All of what you said is true. However, look up the land area of KC's 2 million and compare it to the land area of Charlotte's 1.7 million. If you did this, you would see that you are comparing 8,000 sq/mi to less than 3,100 sq/mi. Charlotte 13 county labor market is still 1,500 sq/mi short of KC's MSA. Look at the numbers, and you will see that Charlotte (while having a "smaller" MSA population) is the center of a more populated region. Again, this is NOT to take anything away from KC's urbanity and charm. Just know that Charlotte (the region) is larger by many stats.

You're right. However take this for instance. Hampton Roads and the Triangle/RDU share a lot of traits. On paper the Triangle would seem to be the same size as Hampton Roads. However Hampton Roads has been a pretty large area for decades vs the Triangle. Therefore Hampton Roads has had plenty of time to establish itself so far as infrastructure, culture, density, attractions, history, charm, music, notoriety, and grit. The same traits KC has over Charlotte. Those are the typical characteristics cities have been known for, for thousands of years. GDP, bus ridership, and CSA square mileage is not what comes to mind for most people when they think of large established cities.
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Old 12-08-2009, 01:41 PM
 
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Quote:
Originally Posted by metro.m View Post
You're right. However take this for instance. Hampton Roads and the Triangle/RDU share a lot of traits. On paper the Triangle would seem to be the same size as Hampton Roads. However Hampton Roads has been a pretty large area for decades vs the Triangle. Therefore Hampton Roads has had plenty of time to establish itself so far as infrastructure, culture, density, attractions, history, charm, music, notoriety, and grit. The same traits KC has over Charlotte. Those are the typical characteristics cities have been known for, for thousands of years. GDP, bus ridership, and CSA square mileage is not what comes to mind for most people when they think of large established cities.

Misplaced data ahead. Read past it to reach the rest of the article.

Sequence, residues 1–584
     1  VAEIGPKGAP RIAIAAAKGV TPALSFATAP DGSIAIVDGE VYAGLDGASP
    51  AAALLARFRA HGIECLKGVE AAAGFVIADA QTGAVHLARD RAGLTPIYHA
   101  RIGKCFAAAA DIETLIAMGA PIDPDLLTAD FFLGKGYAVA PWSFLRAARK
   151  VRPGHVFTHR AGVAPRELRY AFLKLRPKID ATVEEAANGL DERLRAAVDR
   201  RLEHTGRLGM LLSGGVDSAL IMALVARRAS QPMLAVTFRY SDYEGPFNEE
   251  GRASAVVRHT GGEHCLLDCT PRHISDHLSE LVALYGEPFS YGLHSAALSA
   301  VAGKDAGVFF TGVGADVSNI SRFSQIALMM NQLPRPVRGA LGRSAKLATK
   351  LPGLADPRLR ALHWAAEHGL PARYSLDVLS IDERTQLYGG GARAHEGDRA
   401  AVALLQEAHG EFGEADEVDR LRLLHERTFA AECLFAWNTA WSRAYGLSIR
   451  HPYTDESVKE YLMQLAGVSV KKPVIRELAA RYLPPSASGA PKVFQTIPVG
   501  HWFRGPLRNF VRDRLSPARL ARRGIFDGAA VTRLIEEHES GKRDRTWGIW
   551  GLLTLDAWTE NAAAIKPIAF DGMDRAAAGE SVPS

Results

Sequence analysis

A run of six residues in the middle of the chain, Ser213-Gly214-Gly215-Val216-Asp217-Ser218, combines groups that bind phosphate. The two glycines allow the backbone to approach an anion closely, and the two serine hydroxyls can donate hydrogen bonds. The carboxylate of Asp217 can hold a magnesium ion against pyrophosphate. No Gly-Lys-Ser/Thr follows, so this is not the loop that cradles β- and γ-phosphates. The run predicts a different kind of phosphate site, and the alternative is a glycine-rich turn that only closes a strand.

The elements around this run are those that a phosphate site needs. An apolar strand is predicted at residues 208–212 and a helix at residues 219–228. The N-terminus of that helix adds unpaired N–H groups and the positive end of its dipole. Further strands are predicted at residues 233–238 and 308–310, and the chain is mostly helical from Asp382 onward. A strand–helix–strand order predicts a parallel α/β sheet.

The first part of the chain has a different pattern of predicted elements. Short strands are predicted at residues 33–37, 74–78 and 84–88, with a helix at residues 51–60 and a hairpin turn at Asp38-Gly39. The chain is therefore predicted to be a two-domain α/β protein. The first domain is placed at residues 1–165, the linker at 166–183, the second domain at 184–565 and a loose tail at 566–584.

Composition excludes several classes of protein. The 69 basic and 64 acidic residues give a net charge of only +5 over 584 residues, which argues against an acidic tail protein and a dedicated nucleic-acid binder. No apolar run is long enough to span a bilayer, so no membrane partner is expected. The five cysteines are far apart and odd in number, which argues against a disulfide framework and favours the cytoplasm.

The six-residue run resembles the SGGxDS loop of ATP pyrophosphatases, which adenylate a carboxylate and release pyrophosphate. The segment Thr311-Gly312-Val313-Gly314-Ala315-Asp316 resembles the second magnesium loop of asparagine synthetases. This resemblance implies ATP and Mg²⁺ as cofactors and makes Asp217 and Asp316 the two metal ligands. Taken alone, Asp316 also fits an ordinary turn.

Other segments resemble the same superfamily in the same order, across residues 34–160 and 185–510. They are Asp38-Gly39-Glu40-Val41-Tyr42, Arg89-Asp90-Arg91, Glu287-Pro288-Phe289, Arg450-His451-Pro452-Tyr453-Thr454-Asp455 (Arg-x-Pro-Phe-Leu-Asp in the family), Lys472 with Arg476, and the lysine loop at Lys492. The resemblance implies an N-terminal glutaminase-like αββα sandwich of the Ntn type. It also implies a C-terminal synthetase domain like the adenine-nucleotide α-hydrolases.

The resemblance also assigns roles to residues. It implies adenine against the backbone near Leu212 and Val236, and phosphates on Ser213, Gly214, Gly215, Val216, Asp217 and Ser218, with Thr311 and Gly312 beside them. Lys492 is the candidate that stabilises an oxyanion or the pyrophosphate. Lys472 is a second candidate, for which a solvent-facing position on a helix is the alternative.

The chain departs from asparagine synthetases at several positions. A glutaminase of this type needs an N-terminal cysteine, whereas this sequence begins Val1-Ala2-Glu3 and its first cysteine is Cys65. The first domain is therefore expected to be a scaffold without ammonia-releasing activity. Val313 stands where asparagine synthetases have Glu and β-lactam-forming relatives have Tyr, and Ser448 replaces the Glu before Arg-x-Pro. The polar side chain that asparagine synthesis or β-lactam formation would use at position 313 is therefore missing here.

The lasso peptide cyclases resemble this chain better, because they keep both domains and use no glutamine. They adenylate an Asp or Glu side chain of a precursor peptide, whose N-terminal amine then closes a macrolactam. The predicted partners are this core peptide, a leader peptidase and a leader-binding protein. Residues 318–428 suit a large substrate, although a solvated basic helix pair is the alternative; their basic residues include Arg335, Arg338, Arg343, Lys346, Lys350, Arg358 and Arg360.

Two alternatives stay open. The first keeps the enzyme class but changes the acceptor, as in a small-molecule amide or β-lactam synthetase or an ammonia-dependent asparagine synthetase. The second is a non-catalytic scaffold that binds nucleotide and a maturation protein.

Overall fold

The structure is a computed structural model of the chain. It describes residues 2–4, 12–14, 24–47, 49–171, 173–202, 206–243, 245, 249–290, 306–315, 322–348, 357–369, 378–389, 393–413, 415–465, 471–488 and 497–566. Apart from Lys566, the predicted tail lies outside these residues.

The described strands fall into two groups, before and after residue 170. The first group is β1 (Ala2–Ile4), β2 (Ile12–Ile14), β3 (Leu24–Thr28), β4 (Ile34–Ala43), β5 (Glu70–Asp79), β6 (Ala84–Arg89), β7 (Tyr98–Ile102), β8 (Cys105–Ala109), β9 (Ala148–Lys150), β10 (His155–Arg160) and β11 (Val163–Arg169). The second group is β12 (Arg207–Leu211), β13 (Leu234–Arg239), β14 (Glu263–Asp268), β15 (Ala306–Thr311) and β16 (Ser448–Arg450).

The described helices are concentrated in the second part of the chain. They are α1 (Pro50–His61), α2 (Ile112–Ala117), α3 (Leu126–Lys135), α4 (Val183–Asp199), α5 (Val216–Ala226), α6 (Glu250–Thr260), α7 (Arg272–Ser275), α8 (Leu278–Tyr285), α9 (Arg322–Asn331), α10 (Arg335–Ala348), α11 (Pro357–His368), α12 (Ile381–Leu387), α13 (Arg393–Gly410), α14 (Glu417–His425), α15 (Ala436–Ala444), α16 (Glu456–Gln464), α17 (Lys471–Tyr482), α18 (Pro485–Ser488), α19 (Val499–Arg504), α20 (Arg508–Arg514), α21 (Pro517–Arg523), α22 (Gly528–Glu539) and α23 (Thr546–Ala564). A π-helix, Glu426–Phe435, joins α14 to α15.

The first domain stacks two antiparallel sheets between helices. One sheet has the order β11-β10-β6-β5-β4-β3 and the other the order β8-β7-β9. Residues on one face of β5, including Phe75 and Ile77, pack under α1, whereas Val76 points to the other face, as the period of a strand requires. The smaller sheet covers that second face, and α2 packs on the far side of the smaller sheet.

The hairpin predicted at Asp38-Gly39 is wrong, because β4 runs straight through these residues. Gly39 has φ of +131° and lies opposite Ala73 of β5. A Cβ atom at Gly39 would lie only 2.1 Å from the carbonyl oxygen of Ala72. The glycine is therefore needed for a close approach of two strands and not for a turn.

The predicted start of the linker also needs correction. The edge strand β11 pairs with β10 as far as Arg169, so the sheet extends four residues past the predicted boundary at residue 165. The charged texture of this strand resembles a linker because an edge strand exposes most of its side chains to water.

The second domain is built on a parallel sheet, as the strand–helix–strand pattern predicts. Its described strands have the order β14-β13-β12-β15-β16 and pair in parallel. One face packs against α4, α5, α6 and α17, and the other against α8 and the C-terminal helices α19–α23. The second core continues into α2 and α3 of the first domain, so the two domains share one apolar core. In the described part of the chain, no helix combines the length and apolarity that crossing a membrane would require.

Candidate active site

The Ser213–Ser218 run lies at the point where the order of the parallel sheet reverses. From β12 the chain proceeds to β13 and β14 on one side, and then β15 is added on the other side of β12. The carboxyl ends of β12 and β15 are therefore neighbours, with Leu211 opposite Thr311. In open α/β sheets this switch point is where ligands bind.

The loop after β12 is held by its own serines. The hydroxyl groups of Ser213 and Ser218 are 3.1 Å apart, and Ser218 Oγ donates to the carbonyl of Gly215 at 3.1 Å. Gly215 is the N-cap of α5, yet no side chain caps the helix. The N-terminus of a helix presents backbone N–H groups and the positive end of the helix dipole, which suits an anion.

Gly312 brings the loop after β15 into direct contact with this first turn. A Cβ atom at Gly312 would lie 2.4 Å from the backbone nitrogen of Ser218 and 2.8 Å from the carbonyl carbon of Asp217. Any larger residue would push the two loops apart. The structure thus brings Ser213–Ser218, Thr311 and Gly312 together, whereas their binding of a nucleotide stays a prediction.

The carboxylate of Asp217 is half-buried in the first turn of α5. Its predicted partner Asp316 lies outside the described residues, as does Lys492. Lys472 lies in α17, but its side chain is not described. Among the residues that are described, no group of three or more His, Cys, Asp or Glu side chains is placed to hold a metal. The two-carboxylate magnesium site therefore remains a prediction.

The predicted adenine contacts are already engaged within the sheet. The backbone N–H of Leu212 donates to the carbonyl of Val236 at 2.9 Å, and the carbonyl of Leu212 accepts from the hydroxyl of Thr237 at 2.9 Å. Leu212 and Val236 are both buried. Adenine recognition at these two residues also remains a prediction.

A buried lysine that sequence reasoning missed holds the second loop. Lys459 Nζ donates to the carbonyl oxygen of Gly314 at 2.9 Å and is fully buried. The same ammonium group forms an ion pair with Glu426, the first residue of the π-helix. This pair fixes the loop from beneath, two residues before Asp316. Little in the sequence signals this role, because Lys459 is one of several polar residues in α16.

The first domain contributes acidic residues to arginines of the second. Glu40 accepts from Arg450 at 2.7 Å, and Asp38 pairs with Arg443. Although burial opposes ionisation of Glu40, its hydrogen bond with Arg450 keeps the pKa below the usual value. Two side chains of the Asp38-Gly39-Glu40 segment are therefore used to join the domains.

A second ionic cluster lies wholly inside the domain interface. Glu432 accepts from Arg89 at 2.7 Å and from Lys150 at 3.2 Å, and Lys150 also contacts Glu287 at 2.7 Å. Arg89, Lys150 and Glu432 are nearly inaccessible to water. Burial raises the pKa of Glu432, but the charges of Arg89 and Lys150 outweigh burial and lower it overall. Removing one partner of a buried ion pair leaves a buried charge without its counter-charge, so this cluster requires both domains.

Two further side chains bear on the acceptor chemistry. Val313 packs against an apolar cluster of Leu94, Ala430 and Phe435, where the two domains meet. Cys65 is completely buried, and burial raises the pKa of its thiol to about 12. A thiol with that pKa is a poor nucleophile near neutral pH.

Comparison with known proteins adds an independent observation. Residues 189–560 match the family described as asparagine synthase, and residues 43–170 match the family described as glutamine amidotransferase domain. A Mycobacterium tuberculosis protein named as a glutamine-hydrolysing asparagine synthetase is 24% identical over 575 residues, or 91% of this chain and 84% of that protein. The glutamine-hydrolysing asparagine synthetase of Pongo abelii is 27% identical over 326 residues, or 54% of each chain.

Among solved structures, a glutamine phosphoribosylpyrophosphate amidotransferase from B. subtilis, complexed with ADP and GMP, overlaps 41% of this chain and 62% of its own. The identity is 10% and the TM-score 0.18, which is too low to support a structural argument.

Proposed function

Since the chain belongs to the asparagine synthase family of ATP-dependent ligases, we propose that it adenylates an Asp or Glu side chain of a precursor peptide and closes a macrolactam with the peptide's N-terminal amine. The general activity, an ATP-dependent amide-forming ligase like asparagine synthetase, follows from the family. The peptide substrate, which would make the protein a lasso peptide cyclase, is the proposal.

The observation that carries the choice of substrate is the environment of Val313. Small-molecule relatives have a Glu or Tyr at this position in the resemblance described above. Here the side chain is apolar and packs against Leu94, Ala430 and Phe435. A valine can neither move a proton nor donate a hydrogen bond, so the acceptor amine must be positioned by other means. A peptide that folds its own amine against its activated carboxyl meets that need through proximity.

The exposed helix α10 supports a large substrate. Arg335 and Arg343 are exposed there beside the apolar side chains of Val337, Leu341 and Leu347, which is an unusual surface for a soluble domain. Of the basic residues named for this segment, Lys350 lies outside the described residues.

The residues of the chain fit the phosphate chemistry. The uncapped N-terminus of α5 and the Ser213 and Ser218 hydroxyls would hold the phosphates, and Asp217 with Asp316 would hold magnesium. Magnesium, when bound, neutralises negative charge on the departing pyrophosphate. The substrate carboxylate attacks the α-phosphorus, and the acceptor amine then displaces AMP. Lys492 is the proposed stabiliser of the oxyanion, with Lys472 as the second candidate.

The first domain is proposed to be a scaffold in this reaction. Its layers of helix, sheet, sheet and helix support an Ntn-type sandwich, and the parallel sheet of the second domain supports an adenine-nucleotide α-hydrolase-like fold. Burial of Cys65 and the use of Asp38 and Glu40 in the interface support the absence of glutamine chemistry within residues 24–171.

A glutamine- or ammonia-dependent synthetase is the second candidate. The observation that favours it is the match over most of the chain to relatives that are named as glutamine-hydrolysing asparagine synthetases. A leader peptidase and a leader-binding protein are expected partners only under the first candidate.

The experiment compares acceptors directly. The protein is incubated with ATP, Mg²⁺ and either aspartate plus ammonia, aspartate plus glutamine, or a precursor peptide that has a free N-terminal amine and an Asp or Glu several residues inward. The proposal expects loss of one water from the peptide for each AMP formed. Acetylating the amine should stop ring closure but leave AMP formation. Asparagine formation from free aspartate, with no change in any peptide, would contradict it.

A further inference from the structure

Unfortunately, this is NOT a thread about "established" cities. It is a thread about cities that are "evolving into being major". In 10 to 15 years, which city (KC or Charlotte) would you say has evolved into being more "major" of the two?
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Old 12-08-2009, 02:08 PM
 
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Quote:
Originally Posted by urbancharlotte View Post
Unfortunately, this is NOT a thread about "established" cities. It is a thread about cities that are "evolving into being major". In 10 to 15 years, which city (KC or Charlotte) would you say has evolved into being more "major" of the two?

Then stop insinuating Charlotte has evolved into one already... Kansas City has been a major city for decades, not the past 1-2 years.
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Old 12-08-2009, 02:09 PM
 
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Kansas City was a major city long before Charlotte was even on the radar. Its role has changed, however, and now both Charlotte and Kansas City are major cities in a sense that they are important on a regional level. IMO, they are both tier 5 cities / metro areas with Charlotte being near the top and Kansas City being somewhere in the middle.

Tier 1
New York City

Tier 2
Los Angeles
Washington D.C.
Chicago

Tier 3
San Francisco
Houston
Boston
Philadelphia
Dallas
Atlanta
Miami

Tier 4
Seattle
San Jose
Detroit
Minneapolis
Denver
San Diego
Pittsburgh

Tier 5
St. Louis
Phoenix
Charlotte
Cleveland
Las Vegas
Kansas City
Cincinnati
Portland
Tampa
Sacramento

Last edited by BlackOut; 12-08-2009 at 02:27 PM..